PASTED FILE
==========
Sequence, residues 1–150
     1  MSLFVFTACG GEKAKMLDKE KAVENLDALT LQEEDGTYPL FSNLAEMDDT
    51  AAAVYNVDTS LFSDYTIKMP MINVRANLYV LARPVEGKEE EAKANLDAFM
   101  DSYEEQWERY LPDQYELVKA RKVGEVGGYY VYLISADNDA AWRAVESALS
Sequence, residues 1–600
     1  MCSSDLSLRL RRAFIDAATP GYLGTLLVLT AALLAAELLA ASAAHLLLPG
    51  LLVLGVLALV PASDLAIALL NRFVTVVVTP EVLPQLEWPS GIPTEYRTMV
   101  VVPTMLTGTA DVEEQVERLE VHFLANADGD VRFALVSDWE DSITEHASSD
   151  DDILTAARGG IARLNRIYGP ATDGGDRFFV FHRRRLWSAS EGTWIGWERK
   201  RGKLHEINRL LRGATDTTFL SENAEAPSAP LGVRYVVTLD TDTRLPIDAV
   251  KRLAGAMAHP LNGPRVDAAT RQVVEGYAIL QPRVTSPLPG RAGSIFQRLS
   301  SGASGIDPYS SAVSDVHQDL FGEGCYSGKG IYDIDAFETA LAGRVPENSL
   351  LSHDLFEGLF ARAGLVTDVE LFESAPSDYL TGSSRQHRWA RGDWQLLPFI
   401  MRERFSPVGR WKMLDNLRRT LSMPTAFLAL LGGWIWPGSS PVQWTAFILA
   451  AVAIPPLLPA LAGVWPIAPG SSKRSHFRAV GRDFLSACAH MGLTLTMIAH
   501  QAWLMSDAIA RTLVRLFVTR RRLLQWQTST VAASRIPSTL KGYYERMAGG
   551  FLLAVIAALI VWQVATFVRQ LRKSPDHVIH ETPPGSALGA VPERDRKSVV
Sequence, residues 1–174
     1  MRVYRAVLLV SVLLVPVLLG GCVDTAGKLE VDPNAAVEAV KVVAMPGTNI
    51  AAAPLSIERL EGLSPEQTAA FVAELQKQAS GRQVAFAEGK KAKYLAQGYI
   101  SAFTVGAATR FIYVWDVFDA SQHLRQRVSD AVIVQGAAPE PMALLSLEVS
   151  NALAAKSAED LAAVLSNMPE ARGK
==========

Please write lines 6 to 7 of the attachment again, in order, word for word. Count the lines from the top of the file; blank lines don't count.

     1  MCSSDLSLRL RRAFIDAATP GYLGTLLVLT AALLAAELLA ASAAHLLLPG
    51  LLVLGVLALV PASDLAIALL NRFVTVVVTP EVLPQLEWPS GIPTEYRTMV